When they finally reach their destination, however, things become stranger. The village, as rumor suggested, seems suspiciously untouched by the plague. In fact, things seem suspiciously clean, functional, and – uh oh -- progressive. The soldiers decide to play it cool and pretend they're just simple visitors while they souse out the infidel, but no one is really buying it. The villagers are superficially friendly, but there's an undercurrent of hostility and suspicion. Maybe there's really something to this rumor that they're satanic monsters. But then again, we also know these soldiers are bloodthirsty zealots ravenous for infidel blood, so their suspicion seems pretty justifiable. Are the villagers innocent victims of radial religious nutcases, or do these particular infidels have something truly sinister going on?
The genius of the film is that it's slow to reveal the whole story. Both sides seem to have a believable enough motivation that you're not sure which one you should side with. Each time a potentially damming bit of information is revealed about one side, it's countered with something else which makes their perspective seem understandable, if not exactly relatable.
I don't think it's exactly a stretch to imagine that this film is intended as a metaphor for the rocky religious issues which dominate many of the world's current conflicts. In the film, both sides are depicted doing awful things, but the film resolutely refuses to allow you to entirely villainize either one. If the villagers seem hostile and vaguely blasphemous, it’s easy to understand why that might be given the bloodthirsty, inflexible morality of the soldiers who have come to kill them. On the other hand, it's easy to admire the stalwart idealism of Ulric and understand his suspicions about this hostile, creepy enclave he's trapped in. The further both sides go, the more impossible it is to deescalate the tensions, and the more each side is convinced of their own moral rectitude. Both sides cross lines that you can't really come back from, and things come to an appropriately bloody head.
Most movies would end there, but this one has a little coda which makes it of particular interest. Having already shown us the bloody results of this cultural clash, the film takes an unexpected interest in what happens next. It’s one of the very few horror films I’ve ever seen which takes an interest in how the psychological damage from the cultural clash affects the survivors, warping their beliefs and concerns into something hard and ugly. If it’s not exactly subtle, it is at least thoughtful, which could probably be said about the whole film.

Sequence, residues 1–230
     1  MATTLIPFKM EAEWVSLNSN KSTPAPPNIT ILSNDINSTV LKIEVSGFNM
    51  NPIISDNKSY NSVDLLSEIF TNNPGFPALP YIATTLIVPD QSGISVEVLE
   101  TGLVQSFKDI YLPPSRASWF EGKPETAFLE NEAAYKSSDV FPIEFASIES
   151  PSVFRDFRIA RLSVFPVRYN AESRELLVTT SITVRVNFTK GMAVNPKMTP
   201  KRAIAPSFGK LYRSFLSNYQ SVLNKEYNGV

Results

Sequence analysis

Director Chris Smith (who also directed SEVERANCE and TRIANGLE, which I’ve heard good things about but haven’t seen) wisely plays it pretty straight and realistic. Things are bad, but the details feel honest and Smith shoots things matter-of-factly, letting the subject matter speak for itself. The music, editing, and photography are restrained and never call attention to themselves, and although the film is quite frank about its violence and traffics in plenty of images of plague ravaged corpses, it calmly resists dealing in shock tactics (blessedly, there’s not a single jump-scare in the whole thing). Smith is making a horror film, but he trusts the grim details of the subject to be horrifying enough that they don’t need a lot of showy staging and loud noises (town leader Clarice Van Houten may overdo it just a tad, but not enough to derail the effect).
Perhaps the closest comparison is the similarly frank but stylistically unadorned medieval horror/drama WITCHFINDER GENERAL, which likewise milks horror out of its unblinking approach to the horrific facts of life at this time. That one, however, at least offered clearly drawn heroes and villains. Here, there’s no such certainty – just the unblinking assurance that instability and superstition breed brutality in an ever-escalating cycle. It’s a philosophical kind horror more than a visceral one, but its matter-of-fact approach to an all-too-believable human cruelty and pettiness gives it the kind of heft that horror films which hide their monsters in the shadows can’t quite muster. The result is a unique, thoughtful film which may be a little too on-the-nose at times but ultimately casts a dark spell which sticks with you.